Simonson - CSC304 - Computer Architecture
Assembly Language Using MIPS
Arithmetic Bit Level Instructions and Applications
Due Tuesday, February 20. (Total: 30 points)
Problems (10 points)
0. In the
book. Chapters 2-3: 2.4, 2.19
(all parts), Note 2.19.1 has a typo 44 should be 4. 2.46
(all parts), 3.1, 3.2
problem below and indicate if the operation results in overflow.
(Assume that the first two have 6-bit storage capacity,
and the last problem has 8-bit capacity).
Check your work by converting to decimal.
(a) Assume that
the numbers are unsigned.
(b) Assume that the numbers are two's complement.
+ 001011 +
011011 + 01111111
2. Simulating Instructions
a. Show how to accomplish an arbitrary
SLL instruction using ROL (rotate left) pesudo-instruction and
other MIPS commands.
b. Same question for an SRA instruction.
Program: (20 points) Reading
and Adding 64-bit Numbers
are two main parts to this program, but when you get them done,
they can be incorporated into one program (part c).
MIPS code to add two 64-bit numbers.
64-bit numbers cannot be done with a single instruction like
addition for 32-bit numbers. The
addition must be done in two stages - first the lower 32 bits
and then the upper 32 bits. The result of the two lower
32 bits is stored in the lower 32 bits of the result. If
this generates a carry (in class we discussed how to determine
this) then one must be added (or "or"-ed) to the upper 32-bit
addition. The result of the upper 32-bit addition
(possibly with this carry) is stored in the upper 32-bits of
the result. When adding the
32-bit registers use "addu" in order to avoid an overflow
error that "add" might generate. Oveflow for addu (i.e. carry)
does not throw an exception, so you can run the program and
check for unsigned overflow without an exception being
thrown. There are no negative
numbers in this assignment, and the bits should not be
treated as two's complement.The instruction "add" throws an
exception when the sum of two positive values result in a
"negative" result, or the sum of two negative values results
in a positive result. For unsigned numbers, such
behavior would not necessarily be overflow.
Before you do the next part, you can test your program by hard-coding 0x 0000 1C31 and 0x BFFC F000 in the data section. Then add 0x 0000 1C31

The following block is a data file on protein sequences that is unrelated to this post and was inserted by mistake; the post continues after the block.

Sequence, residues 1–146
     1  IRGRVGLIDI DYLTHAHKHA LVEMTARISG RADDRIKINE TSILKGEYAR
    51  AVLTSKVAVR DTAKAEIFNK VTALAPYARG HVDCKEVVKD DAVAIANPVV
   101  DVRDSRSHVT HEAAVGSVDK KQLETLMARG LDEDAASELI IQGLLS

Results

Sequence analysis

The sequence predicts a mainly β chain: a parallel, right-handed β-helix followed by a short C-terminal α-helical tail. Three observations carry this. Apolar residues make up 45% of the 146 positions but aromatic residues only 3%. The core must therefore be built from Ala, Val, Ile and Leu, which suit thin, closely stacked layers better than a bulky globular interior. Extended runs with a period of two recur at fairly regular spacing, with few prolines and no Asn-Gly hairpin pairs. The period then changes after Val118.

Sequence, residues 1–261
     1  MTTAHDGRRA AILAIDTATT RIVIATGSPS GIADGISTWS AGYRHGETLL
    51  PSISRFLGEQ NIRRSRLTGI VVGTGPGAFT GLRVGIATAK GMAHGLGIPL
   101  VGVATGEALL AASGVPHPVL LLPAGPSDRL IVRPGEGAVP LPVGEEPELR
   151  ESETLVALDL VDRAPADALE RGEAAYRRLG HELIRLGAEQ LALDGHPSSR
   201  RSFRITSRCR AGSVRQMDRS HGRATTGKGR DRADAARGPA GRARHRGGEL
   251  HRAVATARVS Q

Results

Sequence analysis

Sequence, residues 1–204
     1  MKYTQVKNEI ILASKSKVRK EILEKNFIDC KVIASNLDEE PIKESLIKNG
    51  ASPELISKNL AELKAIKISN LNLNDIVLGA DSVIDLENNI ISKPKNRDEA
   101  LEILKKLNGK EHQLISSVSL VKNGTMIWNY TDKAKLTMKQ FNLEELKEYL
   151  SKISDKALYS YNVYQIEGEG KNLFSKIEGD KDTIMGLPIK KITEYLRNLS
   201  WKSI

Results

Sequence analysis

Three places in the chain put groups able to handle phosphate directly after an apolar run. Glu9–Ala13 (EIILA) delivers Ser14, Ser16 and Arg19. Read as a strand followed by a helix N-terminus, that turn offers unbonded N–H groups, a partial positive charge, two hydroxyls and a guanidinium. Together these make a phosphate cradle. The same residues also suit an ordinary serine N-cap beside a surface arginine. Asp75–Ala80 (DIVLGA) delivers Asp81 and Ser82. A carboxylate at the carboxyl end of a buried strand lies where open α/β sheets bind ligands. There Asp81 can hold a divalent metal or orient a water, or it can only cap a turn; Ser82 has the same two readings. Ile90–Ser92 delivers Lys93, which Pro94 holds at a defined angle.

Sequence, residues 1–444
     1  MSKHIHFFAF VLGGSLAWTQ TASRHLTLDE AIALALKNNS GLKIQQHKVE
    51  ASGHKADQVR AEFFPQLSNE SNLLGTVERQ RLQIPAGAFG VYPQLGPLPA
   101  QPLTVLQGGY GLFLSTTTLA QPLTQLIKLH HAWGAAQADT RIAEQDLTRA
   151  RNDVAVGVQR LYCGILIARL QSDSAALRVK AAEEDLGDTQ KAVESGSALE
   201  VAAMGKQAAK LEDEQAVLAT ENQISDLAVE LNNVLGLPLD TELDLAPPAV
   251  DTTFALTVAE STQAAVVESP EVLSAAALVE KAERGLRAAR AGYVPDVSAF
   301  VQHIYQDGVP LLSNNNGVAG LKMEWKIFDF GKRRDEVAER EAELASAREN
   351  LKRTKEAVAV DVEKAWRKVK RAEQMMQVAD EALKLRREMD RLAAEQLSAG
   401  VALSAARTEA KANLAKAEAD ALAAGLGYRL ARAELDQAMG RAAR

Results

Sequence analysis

BFFC F000 + 0x 0000
1C31 BFFC F000 and check the answer equals 0x 0000 3863 7FF9 E000. Note that in decimal this 64-bit
addition is 31,000,000,000,000 + 31,000,000,000,000 =
62,000,000,000,000 = 14,435
× 232 + 2,147,082,240, so the resulting two registers in decimal are: 14,435
b. Write MIPS code that reads a string of
digits (0-9), and stores the base 10 integer represented by that
number in two 32-bit words. You may assume that the
integer is small enough to be stored in 64 bits. This part
of the program will allow you to directly type in decimal
numbers, rather than converting them to hex and hard-coding the
hex in the data section.
algorithm works like this: You process the string from
left to right, and with each new digit you multiply the
previous result by 10 and add the numerical value of the
digit. Note that this addition is to a 64-bit number, so you
will need to use part (a) of this assignment. Also you need to
convert ascii codes of '0' through '9' to integer values 0
through 9, and perform multiplication by 10 on a 64-bit
number stored in two 32-bit words.
Let the upper 32 bits be A and the lower 32 bits be B, so that
the 64-bit number x
= A*2^32+B. There are a three
natural ways to calculate 10x
+ B) = 10A*2^32 + 10B..The simplest way,
in my opinion, is Method 1 because because it requires no masks or bit ops.
c. Finally, write a
program that accepts two large decimal integers as strings,
stores each one in two 32-bit registers, adds them, and then
prints out the 64-bit result in two separate 32-bit
1: Each 64-bit product 10A and
10B can be computed using multu (not mult). Let the
high and low 32-bit results for 10A be AH and AL
respectively. And similarly, BH and BL for 10B.
The 64-bit sum 10A*2^32 + 10B
is equal to the concatenation of two 32-bit numbers: SH and
SL, where SH = AL+ BH, and SL = BL. Note that AH will
always be zero, because I guarantee that 10x will fit into
Method 2: Shift the AB
combination left 3 times to get 8x and shift it once left to get 2x, and then add the two
64-bit numbers 8x and
2x using part
(a). When shifting the AB combo left, be careful to add
1 to A when a 1 is shifted left from B.
Method 3: (The Lawson-Costello method -- not very
efficient): Add x to itself ten times using part
(a) of this assignment.
example: 0x 0000 1A2B 3C4D 5E6F + 0x 0000 1A2B 3C4D 5E6F = 28,772,997,619,311 + 28,772,997,619,311 = 0x 0000
3456 789A BCDE = 57,545,995,238,622. You can look in the
registers to see if this looks right. Note that when you
print the two registers in decimal you will get 13,398 and
2,023,406,814. The actual number 57,545,995,238,622 is 13,398 × 232 + 2,023,406,814. If you wanted to display the